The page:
Royal Caribbean President Adam Goldstein has a strange article this past week on his Sea Views blog. It's about his cruise line's "FlowRider" attraction, where passengers attempt to boogie board or surf on a thin water streaming at a high speed across the surface of the attraction.
We have written a number of articles about the FlowRider and the numerous serious injuries (and one death) which have occurred on Royal Caribbean cruise ships. Read: Wipeout! Liability of Royal Caribbean Cruise Line for FlowRider Accidents.
Notwithstanding the danger, CEO Goldstein writes that Royal Caribbean "recently loosened the reins a bit as it relates to the tricks guests are permitted to perform on our FlowRider® surf simulators."
Goldstein explains that in 2012, "in an effort to find the right balance between excitement and safety we had tightened up our rules in 2012. Maybe a little too much . . . " But it seems that the cruise line has now opted for a bit less safety and more fun. The cruise executive writes:
"As of this summer, guests are able to try various types of fun tricks such as sitting, 180 degree turn, facing opposite direction, lazy boy, drop knee, drop knee 360, layback, boogie shuvit, baseball catcher, 360, skiing, show pony, rail slide, basic ollie, pop shuvit, heel side stall and the toe side stall . . ."
Expect more injuries and more lawsuits. And you'll never see a photo of Goldstein risking breaking his neck on the FlowRider.
President Goldstein spins the surfing attraction by telling the story of a young ten year old cruise passenger who learned to surf on a Royal Caribbean cruise ship and is now the "World Flowboard" champion. Good for her.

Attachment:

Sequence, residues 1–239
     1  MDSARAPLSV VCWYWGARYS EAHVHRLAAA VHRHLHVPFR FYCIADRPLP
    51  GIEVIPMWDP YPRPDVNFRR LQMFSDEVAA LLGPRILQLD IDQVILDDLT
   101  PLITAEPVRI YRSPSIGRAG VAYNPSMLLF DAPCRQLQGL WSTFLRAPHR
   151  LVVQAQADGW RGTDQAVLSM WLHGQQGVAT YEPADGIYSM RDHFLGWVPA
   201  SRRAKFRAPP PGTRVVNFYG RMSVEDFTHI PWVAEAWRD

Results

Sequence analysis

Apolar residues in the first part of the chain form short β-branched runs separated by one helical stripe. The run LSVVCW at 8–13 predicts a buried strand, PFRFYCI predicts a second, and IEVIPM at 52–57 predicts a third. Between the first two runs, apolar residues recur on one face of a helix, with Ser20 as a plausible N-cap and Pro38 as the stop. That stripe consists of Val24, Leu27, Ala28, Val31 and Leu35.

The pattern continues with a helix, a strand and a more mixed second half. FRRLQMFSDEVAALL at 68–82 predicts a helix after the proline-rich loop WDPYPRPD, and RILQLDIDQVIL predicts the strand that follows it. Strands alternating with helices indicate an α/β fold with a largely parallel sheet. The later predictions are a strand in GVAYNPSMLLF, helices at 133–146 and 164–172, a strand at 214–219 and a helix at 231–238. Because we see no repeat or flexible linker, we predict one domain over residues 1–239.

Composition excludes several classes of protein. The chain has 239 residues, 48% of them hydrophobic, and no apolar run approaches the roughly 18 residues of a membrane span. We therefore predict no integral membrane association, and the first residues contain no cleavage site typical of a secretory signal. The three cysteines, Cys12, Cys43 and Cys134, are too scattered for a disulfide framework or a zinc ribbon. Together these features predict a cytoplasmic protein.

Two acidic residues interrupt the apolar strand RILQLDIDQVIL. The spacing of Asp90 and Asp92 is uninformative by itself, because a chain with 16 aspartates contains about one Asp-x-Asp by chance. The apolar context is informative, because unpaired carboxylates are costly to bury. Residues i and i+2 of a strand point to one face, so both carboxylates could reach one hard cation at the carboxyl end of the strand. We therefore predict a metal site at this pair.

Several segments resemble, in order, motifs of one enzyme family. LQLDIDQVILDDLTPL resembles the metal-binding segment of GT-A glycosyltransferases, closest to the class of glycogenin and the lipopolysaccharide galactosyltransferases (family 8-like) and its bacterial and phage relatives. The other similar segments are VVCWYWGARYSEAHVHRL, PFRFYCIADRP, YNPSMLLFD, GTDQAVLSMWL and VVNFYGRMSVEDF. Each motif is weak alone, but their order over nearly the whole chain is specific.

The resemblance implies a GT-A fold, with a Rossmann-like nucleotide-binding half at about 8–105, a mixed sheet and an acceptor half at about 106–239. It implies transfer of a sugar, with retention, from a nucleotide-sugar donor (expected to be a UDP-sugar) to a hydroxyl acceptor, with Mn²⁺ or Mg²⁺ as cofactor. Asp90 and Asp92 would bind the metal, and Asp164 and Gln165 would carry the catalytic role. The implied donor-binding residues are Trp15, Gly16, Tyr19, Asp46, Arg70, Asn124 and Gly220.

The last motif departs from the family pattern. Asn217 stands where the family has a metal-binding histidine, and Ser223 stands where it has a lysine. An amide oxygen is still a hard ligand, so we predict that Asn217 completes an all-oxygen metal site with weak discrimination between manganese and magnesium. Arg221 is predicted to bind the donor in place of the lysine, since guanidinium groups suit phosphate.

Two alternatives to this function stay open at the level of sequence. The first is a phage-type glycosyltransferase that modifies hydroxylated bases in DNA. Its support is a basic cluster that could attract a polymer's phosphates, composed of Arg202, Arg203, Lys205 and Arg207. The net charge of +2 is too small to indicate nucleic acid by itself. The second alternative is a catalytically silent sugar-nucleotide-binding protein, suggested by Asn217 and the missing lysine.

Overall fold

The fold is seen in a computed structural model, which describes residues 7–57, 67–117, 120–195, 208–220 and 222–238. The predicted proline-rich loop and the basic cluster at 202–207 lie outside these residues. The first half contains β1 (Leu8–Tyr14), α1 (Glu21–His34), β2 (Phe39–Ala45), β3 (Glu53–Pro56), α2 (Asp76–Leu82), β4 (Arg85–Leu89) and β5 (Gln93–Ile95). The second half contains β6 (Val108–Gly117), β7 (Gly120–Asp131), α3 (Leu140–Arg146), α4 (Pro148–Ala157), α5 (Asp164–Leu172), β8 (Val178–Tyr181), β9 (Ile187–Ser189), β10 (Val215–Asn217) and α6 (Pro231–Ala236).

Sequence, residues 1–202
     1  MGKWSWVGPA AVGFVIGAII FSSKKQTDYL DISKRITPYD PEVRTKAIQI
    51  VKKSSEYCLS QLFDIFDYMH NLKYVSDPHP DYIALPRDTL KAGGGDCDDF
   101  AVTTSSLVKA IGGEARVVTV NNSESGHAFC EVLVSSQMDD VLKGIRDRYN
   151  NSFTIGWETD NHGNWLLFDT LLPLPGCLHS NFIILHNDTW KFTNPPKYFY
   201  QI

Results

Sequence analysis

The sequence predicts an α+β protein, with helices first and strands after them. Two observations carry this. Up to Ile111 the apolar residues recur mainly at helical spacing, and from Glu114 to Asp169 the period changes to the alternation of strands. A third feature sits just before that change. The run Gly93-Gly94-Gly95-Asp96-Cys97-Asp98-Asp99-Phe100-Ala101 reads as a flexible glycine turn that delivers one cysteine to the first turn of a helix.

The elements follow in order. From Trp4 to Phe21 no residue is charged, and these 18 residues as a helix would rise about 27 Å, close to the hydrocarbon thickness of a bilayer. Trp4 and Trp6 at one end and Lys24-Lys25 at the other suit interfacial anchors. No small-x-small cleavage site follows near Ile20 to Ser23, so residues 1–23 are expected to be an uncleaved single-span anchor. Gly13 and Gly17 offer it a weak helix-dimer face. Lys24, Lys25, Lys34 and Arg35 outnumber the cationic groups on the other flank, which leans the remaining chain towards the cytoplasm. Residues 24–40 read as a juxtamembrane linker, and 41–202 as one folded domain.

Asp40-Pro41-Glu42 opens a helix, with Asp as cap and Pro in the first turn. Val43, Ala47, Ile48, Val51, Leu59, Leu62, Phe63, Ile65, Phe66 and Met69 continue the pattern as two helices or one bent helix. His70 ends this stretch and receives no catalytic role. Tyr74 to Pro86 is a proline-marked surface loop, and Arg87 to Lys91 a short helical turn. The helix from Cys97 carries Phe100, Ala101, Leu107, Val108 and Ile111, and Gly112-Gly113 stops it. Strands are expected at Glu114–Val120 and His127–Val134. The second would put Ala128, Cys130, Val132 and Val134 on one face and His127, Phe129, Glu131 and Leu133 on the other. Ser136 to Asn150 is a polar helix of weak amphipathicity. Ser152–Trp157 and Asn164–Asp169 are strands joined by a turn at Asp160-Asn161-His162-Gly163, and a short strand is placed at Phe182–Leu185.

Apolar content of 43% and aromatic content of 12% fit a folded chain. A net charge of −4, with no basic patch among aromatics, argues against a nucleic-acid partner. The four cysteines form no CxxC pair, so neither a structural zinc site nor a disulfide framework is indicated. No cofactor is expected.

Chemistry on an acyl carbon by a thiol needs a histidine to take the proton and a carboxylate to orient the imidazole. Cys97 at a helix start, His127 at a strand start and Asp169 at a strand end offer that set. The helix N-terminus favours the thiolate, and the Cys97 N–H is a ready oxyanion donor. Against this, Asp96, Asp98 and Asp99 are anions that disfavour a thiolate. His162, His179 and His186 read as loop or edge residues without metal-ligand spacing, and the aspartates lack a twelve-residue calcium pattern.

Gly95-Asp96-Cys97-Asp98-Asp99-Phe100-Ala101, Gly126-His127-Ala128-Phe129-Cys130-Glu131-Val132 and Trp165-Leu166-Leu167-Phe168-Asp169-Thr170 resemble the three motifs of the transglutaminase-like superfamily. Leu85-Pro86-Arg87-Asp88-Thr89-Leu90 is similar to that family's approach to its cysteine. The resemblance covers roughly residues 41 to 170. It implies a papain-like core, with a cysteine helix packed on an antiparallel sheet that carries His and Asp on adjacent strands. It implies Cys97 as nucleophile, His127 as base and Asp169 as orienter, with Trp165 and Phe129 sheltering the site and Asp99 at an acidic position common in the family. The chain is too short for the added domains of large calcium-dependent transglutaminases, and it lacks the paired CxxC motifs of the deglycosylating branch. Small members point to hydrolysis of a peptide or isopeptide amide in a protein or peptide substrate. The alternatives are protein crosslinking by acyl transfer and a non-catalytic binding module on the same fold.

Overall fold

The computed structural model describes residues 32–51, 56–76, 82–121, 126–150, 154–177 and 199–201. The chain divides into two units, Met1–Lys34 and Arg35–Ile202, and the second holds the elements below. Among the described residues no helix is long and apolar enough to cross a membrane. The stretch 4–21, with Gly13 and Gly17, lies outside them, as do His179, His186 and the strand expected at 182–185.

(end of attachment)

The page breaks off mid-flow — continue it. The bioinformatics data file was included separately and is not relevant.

But here is where the story gets weird. The letter that Goldstein posts on his blog, and supposedly was written by the child, states that an officer on the ship "called me over and asked if I had completed my activities waiver." (Do children really write like this?) The officer then allegedly checks the child in and she starts to FlowRide!
The troubling thing is that children can't execute waivers, an officer can't complete the waiver on behalf of a child, and the waiver is illegal in the first place.
Our firm handled the case where the Eleventh Circuit Court of Appeal struck the cruise line's "activities waiver" down, holding that it is unlawful and cannot be used against injured FlowRider participants on the high seas.
There are also design defects in the FlowRider, we allege, which most participants don't realize.
It's a sad spectacle watching a cruise CEO hawk FlowRider cruises by mentioning children signing activity waivers that the courts have ruled to be void and unenforceable.
Photo Credit: Jim Walker